Dryophiops philippina, also known as the Keel-bellied Whipsnake or simply Philippine Whipsnake, a species of rear-fanged colubrid snake that is endemic to the Philippines. One similar specie, ''Dryophiops rubescens'' exists in Thailand and Malaysia.
Its body is about 3 to 6 feet long. Coloration is dark brown or black, sometimes gray above as in the Dryophiops rubescens and often with a light green or pale blue flecks. The tongue is bright red. Cream or white colored lateral stripes on each side are bisected by dark blackish lines, which are nearly continuous along the dorsolateral stripe. It has a broad head, large eyes in proportion to the head, and a slender neck. The dorsal scales are smooth, not keeled. The belly scutes have 15 scale rows at the midsection and have faint dark lines that give the impression that it is keeled. The chin is white but can sometimes be yellow. Its neck down to mid-body is yellow and the rest of the body is brown. There is one small scale on the face called the preocular scale, located in front of the eye and wedged between two other scales, called the upper labials. The scales on the top of the head are large, a feature that distinguishes this snake from Dryophiops rubescens.
The two species are almost identical except that D. philippina does not have a keeled belly. If alarmed, they quickly move in a sidewinding manner on the ground. The only snake besides the Dog-faced water snake, Cerberus rynchops and the sidewinder rattlesnake to do so.
It is docile but a very nervous snake. If the area where its residing is disturbed, it may spring up to flee, or remain very still. It can remain motionless for extended periods of time but usually it is always on the move. An irate individual may sometimes show aggression by expanding it's neck and showing the light colorations underneath, to make itself appear much bigger than it really is, but they will rarely bite. Although it is an arboreal snake, it prefers to roam open grounds and can often be seen on the forest floor, among leaf litter. A cathemeral species, it is active at both day and night.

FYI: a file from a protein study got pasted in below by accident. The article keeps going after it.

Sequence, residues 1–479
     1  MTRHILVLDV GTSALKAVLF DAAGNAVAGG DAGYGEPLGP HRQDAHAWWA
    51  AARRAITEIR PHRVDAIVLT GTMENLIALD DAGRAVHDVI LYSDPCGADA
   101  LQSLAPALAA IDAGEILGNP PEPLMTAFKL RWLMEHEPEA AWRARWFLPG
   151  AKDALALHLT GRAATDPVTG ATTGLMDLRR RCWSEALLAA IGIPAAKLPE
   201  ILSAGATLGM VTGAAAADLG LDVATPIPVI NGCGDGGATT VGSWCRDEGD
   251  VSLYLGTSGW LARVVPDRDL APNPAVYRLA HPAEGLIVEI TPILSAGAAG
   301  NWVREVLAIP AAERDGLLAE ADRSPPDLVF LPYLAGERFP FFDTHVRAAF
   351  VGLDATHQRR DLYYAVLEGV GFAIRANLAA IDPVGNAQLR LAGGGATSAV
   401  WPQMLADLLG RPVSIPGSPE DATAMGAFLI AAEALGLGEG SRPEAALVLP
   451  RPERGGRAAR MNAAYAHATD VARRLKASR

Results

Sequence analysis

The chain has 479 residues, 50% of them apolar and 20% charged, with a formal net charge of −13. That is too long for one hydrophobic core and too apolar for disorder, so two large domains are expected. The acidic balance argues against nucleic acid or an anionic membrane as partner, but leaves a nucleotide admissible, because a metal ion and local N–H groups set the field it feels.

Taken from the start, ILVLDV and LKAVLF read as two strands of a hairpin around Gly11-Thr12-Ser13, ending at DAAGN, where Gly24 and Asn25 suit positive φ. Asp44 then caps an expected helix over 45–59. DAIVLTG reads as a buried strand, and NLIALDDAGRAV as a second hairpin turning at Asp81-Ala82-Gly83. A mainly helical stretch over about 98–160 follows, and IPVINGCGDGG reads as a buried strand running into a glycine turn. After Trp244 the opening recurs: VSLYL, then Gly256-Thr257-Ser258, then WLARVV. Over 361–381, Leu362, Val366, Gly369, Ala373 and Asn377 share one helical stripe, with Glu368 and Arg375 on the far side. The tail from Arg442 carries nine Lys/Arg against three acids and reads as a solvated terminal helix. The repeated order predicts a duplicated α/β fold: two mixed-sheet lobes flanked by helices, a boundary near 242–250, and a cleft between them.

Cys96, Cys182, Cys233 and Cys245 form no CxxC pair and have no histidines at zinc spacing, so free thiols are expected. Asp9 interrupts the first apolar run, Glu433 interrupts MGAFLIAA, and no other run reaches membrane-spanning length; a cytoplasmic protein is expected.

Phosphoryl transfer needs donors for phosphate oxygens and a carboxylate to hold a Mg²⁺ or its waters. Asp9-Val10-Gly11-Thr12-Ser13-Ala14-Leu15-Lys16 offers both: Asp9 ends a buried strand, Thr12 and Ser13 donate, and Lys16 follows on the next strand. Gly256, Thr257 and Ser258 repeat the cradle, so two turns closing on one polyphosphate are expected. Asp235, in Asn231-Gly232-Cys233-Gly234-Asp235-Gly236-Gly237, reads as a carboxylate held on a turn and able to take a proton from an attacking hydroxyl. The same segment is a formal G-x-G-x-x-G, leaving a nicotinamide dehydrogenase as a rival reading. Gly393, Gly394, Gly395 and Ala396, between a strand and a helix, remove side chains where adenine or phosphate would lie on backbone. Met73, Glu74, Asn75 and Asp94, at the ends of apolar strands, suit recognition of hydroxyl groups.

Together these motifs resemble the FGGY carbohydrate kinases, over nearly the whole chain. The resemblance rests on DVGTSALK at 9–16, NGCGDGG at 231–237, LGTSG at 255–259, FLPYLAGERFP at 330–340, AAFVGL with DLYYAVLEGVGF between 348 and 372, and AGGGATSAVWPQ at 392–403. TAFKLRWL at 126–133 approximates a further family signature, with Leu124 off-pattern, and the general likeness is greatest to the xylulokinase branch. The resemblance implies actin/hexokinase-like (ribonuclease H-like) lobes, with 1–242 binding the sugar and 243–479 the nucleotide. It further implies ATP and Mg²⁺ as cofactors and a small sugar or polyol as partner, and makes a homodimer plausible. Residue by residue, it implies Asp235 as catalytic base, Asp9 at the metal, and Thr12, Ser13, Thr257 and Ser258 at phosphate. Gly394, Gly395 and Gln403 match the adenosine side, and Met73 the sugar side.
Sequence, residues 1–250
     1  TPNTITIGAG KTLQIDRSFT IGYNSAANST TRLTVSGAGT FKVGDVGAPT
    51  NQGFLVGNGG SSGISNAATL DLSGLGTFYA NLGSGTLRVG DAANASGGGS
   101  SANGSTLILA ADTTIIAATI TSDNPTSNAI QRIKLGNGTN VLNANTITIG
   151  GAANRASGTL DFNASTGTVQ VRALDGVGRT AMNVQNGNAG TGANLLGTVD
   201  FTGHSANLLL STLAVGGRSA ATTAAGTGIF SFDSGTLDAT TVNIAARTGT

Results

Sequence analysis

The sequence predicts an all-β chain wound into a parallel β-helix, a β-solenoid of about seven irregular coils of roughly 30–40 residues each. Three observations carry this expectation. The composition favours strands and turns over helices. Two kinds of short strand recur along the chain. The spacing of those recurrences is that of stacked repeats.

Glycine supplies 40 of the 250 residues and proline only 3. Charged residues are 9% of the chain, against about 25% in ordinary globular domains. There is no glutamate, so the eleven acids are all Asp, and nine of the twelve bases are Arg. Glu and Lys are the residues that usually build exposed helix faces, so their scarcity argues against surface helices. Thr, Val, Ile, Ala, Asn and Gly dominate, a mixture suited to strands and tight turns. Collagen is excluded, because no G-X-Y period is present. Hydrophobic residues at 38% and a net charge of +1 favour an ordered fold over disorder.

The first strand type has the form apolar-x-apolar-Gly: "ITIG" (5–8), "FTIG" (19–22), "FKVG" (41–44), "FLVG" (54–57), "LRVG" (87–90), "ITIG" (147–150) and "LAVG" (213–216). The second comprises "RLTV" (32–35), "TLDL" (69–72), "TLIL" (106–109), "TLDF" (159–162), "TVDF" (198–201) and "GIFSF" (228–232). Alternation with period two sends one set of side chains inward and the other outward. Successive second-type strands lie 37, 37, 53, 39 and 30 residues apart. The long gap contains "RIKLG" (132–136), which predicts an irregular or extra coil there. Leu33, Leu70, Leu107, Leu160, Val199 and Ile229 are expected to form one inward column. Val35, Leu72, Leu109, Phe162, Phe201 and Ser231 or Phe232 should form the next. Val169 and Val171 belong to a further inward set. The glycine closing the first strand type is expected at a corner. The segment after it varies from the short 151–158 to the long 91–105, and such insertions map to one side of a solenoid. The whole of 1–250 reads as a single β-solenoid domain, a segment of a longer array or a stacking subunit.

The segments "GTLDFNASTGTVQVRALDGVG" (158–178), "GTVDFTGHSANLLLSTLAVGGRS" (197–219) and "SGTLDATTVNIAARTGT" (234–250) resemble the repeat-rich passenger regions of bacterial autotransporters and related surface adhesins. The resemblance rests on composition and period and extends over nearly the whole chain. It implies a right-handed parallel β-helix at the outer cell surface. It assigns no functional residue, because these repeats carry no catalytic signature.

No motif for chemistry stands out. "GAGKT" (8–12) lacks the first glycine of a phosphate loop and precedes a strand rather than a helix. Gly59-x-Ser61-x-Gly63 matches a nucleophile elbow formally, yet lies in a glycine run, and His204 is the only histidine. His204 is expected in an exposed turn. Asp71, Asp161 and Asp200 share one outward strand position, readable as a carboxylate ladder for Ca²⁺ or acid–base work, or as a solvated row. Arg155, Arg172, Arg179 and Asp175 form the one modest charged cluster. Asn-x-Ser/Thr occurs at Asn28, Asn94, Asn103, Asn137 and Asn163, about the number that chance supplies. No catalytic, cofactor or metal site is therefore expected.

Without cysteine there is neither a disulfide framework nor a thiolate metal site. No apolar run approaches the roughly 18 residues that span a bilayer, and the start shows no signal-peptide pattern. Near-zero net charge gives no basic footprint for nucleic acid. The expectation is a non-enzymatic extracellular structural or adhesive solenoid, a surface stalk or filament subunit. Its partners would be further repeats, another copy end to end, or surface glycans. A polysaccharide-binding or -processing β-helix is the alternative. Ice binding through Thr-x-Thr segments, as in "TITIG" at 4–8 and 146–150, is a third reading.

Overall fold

Diet and Feeding Habits
The keel-bellied whipsnake is a very specialized hunter, actively pursuing its prey that consists primarily of geckos and other lizards. Other prey may also be taken, given the opportunity. Small frogs, fishes and slugs may sometimes be consumed.
Reproduction and Lifespan
Like its closest relative, the Oriental Whipsnake (Ahaetulla prasina), D. philippina is also known to be a parthenogenic species. Parthenogenesis is rare among snakes but is known to exist. Majority of wild-caught specimens are females but males also occur. Mating usually begins around November up until January, where it lays 2 to 6 eggs in a single clutch, usually deposited between tree trunks and exposed tree barks. Sperm storage is also reported among this species, meaning it can lay eggs with only one mating.
Females are distinguished by their thicker bodies that ends in a short and much thinner tail; whereas males are thinner and have longer tails. Females are lighter in coloration while males tend to be darker and has a chestnut-brown tint on it's head.
Captive specimens usually live around 8 years, while it lives up to 12 years in the wild.
Like most rear-fanged snakes, the keel-bellied whipsnake is mildly venomous. Although its venom is said to be slightly stronger then most mildly venomous snakes, its small mouth and very small size is very unlikely to cause a healthy adult any problems. No fatalities have been reported.
The IUCN lists this species as Vulnerable. Continuous destruction of primary and secondary forests, conversion of fertile lands to agricultural and residential areas, as well as indiscriminate human killings can threaten the survival of this animal.
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